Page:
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Will genealogy societies always just be there? Not necessarily
May 08, 2015
By David Pike, President of Family History Society of Newfoundland and Labrador

Genealogists are well aware that family history and genealogical societies are valuable sources of information and expertise that we can draw upon while pursuing our own individual research. Unfortunately it is also often the case that people are not well acquainted with the struggles faced by genealogical societies. Occasionally accompanying this situation is that some people seem to assume that these societies will always just be there, not necessarily realising that the societies rely upon the generosity of members and donors merely to exist, let alone to thrive.

Having served as the President of the Family History Society of Newfoundland and Labrador since 2013, I want to share some of the challenges that we face, along with putting out a call for help.

To put one of these matters into a larger context, blogger Susan Petersen recently wrote an Open Letter to Genealogical Societies in which she listed seven recommendations. Number five on her list was the need for fresh blood. She seemed to think that societies are reluctant to embrace newcomers to their Boards. Maybe some are, but in my experience the opposite is the case: FHSNL has been eager to bring new talent to its Board, but sadly we have not been inundated with people wanting to serve. Rather, we have had vacant positions for many years, despite regular calls for people who might be interested in serving to step forward and let their interest be known.

An analogy that I sometimes use is that even the best of ships needs to have a crew if it is to sail without foundering. Not only is it important for there to be enough people to share the duties of running a society, but it is healthy for there to be multiple voices and perspectives around the Board table. Not having enough Board members means that those who do serve may be overburdened with responsibilities, that new initiatives may not be undertaken, and quite possibly that existing activities may be scaled back for want of continued leadership.

Another of Susan Petersen's recommendations is that societies stop hoarding money, and instead put it to use for advancing genealogy. I don't know what societies she is speaking about here, but I know it isn't mine. Earlier this year the Family History Society of Newfoundland and Labrador was forced to lay off its sole employee (a part-time office manager who had been working two days per week). We did this as a cost-saving measure because, quite frankly, were we to take no action then our cash reserves would have been exhausted by the end of the year and we would be facing insolvency. Even after taking this action we are predicting a substantial deficit, largely due to the $20,000 per year that we pay to rent space that I will humbly say is too small for our needs (and I shudder to think of what we might have to cull from our collection should some members suddenly donate to us the large genealogical collections that they've painstakingly developed over their lifetimes).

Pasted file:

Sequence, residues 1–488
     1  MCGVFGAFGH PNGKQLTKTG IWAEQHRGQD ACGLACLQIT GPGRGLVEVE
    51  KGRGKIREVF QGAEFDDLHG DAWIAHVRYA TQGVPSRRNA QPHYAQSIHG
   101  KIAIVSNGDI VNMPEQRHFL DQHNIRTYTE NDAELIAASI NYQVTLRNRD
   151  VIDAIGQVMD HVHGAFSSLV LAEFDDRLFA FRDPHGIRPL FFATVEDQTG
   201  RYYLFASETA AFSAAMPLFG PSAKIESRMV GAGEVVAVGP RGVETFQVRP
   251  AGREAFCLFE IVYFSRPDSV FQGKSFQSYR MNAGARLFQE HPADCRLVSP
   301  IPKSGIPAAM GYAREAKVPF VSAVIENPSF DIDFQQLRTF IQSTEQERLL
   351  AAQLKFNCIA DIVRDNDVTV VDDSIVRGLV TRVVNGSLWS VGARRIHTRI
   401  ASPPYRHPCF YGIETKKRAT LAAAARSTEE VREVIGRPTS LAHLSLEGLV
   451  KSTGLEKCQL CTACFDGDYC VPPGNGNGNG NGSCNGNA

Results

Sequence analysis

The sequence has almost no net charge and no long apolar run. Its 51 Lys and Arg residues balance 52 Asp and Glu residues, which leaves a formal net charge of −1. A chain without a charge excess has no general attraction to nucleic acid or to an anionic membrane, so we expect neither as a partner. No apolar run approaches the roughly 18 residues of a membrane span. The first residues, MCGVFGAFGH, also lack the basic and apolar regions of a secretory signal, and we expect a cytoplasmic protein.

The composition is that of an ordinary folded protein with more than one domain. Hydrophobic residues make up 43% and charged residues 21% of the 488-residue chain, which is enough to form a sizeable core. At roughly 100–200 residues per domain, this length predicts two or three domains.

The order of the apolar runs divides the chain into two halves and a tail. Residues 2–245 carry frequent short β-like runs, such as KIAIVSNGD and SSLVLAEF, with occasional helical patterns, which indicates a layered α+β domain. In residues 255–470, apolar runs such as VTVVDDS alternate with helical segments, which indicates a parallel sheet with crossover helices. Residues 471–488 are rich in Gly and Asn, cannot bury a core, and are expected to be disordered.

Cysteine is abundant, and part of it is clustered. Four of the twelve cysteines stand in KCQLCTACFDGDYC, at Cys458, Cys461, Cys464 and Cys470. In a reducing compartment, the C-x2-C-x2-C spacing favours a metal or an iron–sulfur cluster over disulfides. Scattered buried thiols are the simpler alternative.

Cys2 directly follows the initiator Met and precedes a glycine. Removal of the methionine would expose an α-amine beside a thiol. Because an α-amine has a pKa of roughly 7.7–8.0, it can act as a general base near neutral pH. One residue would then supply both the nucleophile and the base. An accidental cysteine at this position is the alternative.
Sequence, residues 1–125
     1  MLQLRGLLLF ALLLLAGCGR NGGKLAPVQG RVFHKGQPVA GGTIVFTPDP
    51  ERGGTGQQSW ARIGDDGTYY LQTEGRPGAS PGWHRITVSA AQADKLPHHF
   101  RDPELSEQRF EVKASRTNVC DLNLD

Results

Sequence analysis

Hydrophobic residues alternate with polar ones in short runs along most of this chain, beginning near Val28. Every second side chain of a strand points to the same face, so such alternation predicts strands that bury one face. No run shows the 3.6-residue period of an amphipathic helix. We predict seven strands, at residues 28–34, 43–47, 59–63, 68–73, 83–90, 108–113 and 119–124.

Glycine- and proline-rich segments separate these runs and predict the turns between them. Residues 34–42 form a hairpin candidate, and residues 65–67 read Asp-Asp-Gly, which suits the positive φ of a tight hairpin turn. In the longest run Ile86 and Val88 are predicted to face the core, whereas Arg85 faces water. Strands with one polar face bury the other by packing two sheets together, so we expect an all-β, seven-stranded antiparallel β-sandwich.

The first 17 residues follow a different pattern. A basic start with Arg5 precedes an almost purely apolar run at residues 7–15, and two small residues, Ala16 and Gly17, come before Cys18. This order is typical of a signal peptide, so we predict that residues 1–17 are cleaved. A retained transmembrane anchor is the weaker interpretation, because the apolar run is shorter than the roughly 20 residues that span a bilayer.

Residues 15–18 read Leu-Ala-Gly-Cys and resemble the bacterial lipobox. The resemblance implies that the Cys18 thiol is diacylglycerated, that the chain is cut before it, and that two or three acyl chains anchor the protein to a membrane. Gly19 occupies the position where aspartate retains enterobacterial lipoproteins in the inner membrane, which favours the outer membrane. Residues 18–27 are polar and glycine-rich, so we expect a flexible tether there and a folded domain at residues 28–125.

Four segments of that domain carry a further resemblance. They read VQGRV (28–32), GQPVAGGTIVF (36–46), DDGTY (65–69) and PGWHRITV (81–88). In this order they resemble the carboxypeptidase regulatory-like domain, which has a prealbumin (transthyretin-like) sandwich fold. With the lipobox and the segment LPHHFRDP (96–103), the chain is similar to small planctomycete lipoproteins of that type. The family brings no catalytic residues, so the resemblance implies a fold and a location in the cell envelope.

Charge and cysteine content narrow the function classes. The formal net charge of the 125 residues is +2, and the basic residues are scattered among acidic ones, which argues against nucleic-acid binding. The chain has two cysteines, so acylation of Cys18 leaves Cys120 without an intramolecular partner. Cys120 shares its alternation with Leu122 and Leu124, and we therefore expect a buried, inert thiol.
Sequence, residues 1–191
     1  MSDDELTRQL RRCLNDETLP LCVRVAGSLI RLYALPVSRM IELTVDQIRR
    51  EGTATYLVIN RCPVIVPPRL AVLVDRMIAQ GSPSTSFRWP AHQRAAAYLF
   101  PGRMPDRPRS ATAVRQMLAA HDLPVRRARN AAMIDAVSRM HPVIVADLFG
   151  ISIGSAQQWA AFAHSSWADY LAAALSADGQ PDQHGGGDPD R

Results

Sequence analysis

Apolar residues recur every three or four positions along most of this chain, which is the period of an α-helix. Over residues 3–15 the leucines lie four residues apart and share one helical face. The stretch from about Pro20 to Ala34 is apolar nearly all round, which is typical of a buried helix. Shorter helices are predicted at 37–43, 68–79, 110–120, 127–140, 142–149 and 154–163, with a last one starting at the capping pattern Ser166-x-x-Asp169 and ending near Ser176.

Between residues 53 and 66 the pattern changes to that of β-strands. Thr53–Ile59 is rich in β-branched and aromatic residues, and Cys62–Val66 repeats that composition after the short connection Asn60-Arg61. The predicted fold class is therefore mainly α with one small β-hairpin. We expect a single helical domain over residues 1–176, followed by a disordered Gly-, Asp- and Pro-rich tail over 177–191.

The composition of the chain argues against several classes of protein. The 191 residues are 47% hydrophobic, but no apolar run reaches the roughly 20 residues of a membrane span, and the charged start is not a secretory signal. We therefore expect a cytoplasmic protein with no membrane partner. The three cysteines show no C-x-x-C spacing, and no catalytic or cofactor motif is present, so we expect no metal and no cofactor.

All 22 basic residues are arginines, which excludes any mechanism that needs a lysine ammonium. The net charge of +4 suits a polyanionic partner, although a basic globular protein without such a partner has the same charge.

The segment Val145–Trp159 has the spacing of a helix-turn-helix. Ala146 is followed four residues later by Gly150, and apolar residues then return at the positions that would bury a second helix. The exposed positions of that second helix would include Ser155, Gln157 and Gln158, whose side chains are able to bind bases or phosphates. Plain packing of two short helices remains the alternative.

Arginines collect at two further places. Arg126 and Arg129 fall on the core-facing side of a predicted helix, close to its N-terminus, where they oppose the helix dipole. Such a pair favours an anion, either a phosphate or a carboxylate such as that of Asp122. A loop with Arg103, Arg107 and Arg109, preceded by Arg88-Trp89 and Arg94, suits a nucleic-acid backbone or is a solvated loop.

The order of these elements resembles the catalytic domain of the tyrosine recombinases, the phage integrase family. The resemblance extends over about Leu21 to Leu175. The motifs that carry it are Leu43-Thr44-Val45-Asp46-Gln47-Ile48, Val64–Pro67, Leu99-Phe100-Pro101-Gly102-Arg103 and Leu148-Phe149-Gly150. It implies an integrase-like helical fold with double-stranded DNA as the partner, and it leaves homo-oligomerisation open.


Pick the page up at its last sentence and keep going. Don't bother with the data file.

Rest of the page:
FHSNL was granted Registered Charity status by the Canada Revenue Agency in 2013. Throughout the whole of 2014, when we were trumpeting our new status, we took in a total of $1377 in donations. While we are grateful for this support, it isn't yet enough to save us from financial precariousness. Our primary sources of revenue remain the membership fees paid by our approximately 400 members (many of whom live outside of the province), a grant from our provincial government's tourism and culture department, and support from the Canada Summer Jobs programme that we use to hire a summer student each year (that is, when we have a Board member who is available to train and supervise the student).